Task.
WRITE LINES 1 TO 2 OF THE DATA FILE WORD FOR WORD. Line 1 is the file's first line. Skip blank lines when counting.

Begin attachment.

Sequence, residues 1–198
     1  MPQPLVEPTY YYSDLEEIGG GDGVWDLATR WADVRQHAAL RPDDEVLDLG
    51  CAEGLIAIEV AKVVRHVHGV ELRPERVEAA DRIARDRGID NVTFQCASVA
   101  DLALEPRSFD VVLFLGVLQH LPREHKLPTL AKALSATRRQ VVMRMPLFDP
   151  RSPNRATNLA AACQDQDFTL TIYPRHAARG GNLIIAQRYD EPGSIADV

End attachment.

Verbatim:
Sequence, residues 1–198
     1  MPQPLVEPTY YYSDLEEIGG GDGVWDLATR WADVRQHAAL RPDDEVLDLG